The Key to C Sharp

Mark Sparks | April 2016

    Most players who have ordered and purchased a professional model flute have had to decide whether or not to get a C sharp trill key. Beyond the rather high price tag, concerns include added weight, additional imbalance of the flute in terms of rollback, and the usual objection that the C sharp trill key is simply another gadget that can go out of adjustment. In spite of this, the key, once considered an indulgence, now appears much more often on flutes than in the past.
    According to Susan J. Maclagan’s A Dictionary for the Modern Flutist, the C# trill key was patented in 1909 by Cornélie Villedieu Laubé, a woodwind inventor who worked in France. Similarly to the Bb side lever, the C# trill key is often neglected as its function is not well understood by flutists. The name does not exactly describe the key’s function and gives no clues as to its versatility. If we were to accurately describe the key, we might call it a B whole-step trill facilitator, but that is a real mouthful. Notwithstanding the fact that trills are usually described by their fundamental note, we can be relieved that at least the key-naming gods did not try to call it a thingy or something, like they did with the gizmo, which should be more correctly called the high C facilitator.

Thriller Triller
    Played with the side of the right index finger or the pad of the fingertip, the C# trill key has many useful functions such as:

•    Trilling from B to C# in the first and second octaves. Finger B, trill C# key
•    Trilling from C to C# in the first and second octaves. Finger C, trill C# key
•    Trilling from F# to G# in the top octave. Finger F#, trill C# key
•    Trilling from G to Ab in the top octave. Finger G, trill C# key
•    Trilling from G to A in the top octave. Finger G, trill C# key and 1st trill
•    Trilling from G# to A# in the top octave. Finger G#, trill C# key and 1st and 2nd trill keys
    If one is suitably fleet-fingered, trilling the C# trill and the first trill key can work very well in the Mendelssohn Midsummer Night’s Dream Scherzo, for the G to A trill the second bar after B.

Midsummer Night’s Dream, Letter B

    This same right-hand fingering combination (finger C and trill C# trill key and 1st trill key) works well for the second octave C to D trill found in the Dvorák Cello Concerto. Here the trill from C to D in measure 22 is integral to the melodic content of the passage and has a less auxiliary nature than trills usually have. This fingering produces a very suitable D natural with a good tone and excellent intonation. One can find many passages throughout the repertoire in which this trill is useful.

Dvorák Cello Concerto, Bar 18-25 after 6

Mojo Tremolo
    Beyond the C# trill key’s uses for trills, enough tremolos are made easier with the key to justify its purchase. Generally, any note fingered with the left hand can tremolo to a higher note no more than a perfect fifth above and in the same octave, by using the key either alone or in combination with the trill keys. Excluding trills of a whole or half step, there are at least 27 different commonly occurring tremolos made simpler by using the key.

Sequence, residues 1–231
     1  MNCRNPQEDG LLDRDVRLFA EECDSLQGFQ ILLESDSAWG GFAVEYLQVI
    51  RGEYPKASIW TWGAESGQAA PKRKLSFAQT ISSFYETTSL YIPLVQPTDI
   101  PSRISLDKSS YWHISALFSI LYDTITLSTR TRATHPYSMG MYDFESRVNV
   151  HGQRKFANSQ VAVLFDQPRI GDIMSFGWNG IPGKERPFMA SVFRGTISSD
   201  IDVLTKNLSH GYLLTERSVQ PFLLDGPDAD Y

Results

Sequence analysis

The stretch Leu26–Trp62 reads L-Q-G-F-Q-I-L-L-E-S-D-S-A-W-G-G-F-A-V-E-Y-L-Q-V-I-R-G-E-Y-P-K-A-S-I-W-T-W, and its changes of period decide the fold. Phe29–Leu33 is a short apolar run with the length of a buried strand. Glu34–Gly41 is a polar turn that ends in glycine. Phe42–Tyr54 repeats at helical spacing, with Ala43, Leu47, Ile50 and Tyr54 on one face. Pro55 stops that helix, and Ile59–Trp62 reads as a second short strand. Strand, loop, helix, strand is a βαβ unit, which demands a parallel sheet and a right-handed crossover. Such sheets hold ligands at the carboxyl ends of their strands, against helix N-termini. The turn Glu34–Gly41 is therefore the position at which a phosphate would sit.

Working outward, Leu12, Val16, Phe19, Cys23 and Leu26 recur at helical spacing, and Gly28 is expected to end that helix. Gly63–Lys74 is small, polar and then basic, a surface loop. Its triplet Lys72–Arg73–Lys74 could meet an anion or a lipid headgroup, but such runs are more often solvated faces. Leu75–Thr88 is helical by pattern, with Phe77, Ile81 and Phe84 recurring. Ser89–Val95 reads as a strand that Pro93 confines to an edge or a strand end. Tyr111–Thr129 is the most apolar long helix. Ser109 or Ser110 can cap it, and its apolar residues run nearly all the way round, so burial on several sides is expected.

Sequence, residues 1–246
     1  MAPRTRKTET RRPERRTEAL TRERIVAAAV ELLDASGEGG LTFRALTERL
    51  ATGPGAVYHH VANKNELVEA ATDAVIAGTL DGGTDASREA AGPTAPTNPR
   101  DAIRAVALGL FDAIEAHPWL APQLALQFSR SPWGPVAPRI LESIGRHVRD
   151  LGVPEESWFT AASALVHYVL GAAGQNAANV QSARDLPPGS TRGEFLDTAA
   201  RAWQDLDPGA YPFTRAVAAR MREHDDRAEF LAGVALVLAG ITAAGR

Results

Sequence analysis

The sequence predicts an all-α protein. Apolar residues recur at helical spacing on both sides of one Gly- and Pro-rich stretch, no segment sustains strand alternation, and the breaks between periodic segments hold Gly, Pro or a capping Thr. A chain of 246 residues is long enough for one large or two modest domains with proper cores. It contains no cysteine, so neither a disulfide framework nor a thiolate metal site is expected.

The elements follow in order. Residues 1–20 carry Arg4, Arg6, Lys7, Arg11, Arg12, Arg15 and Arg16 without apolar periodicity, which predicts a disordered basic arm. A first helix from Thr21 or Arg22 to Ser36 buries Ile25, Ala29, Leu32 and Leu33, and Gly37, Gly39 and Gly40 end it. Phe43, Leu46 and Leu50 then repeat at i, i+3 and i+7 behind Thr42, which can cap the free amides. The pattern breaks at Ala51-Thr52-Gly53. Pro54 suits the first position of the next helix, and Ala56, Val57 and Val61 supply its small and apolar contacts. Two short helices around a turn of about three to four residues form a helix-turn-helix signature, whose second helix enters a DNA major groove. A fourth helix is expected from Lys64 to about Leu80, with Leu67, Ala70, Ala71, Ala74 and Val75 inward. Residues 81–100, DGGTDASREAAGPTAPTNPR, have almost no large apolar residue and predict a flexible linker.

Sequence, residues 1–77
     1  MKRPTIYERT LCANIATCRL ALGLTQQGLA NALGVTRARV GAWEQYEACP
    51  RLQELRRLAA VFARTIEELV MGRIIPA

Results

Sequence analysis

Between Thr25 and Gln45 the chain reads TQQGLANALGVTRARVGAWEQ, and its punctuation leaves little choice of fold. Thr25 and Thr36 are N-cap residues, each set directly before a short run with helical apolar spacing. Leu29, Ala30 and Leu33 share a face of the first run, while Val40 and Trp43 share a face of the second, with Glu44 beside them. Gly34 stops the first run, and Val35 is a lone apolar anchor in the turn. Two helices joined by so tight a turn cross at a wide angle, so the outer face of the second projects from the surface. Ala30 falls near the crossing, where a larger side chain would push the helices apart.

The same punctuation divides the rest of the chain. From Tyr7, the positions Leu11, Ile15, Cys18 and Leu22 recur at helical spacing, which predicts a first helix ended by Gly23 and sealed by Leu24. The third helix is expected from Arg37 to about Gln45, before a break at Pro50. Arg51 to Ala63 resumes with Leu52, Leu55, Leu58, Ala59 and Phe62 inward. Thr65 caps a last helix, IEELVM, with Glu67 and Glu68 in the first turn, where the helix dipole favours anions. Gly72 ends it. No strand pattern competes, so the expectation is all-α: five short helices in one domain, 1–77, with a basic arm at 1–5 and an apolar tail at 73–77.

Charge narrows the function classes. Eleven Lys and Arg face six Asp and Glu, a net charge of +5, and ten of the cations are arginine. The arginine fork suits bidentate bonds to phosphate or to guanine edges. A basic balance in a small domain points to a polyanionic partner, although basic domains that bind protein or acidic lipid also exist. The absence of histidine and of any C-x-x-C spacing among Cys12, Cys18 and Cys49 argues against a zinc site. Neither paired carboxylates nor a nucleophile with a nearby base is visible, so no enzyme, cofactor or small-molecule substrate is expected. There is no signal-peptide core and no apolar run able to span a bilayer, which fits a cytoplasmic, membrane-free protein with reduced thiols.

•    Use the C# trill to tremolo from first octave G, Ab, A, and first and second octave Bb to C#5 (and 6).
•    Use the C# trill plus the first trill key to tremolo from first and second octave Gb, G, Ab(first octave only), A, Bb, and B to D5 and D6.
•    Use the C# trill key plus the first and second trill keys to tremolo from first and second octave G, Ab, A, Bb, B, and C to D#5 and 6.

    Here are three examples which demonstrate the utility of the C# trill key for tremolos.

Ibert Concerto for Flute and Orchestra – 4 before 44

Ibert Concerto for Flute and Orchestra – 4 before 64

Richard Strauss Ein Heldenleben, Op. 40

Über C#
    One of the best uses of the key is for playing middle C#. If you look around a bit on the internet, you can find references to this use, but I do not think it gets enough attention. The pesky C# in the staff plagues many a flutist daily as left on its own it will be sharp and have a hollow timbre. The C# trill key offers a couple alternatives. Finger a C5 adding the C# trill key for a lovely C# which is in tune at all dynamic levels. This is a particularly useful fingering for making a crescendo and playing at the top dynamic range such as in Edgar Varese Density 21.5.

Edgar Varese Density 21.5, measures 8-11

    This fingering can also be judiciously used in Claude Debussy’s Prélude à l’après-midi d’un faune. I would caution that this fingering tends to be a bit brilliant in timbre, so I would discourage its use in the opening solo. Throughout the rest of the piece, however, it works well, especially for projection. It is also very useful for passing tones, which may frequently be neglected in terms of tone and intonation, and articulated middle C#’s which can suffer from lack of focus. For passing tones, any time the C# is going to and coming from a note fingered with the left hand, it can be used. The Tchaikovsky Piano Concerto No. 1 is a good example of this.

Pyotr Illyich Tchaikovsky Piano Concerto No. 1, Letter F for 5 bars

Special Uses
    The key can also be used in combination with some standard and harmonic fingerings to negotiate awkward passages, as in this example from Rimsky-Korsakov’s Russian Easter Overture.
    Overblow the high A with the standard first octave fingering plus the C# trill key, and alternate with harmonic high F# (standard B fingering in the first octave).

Rimsky-Korsakov Russian Easter Overture, Op. 36, 4 before letter V

    As you have realized by now, I am a fan of the C# trill key. I encourage flutists to include it when buying an instrument and make full use of its many benefits. With a little experimentation, every owner of this smart key can be a more versatile player.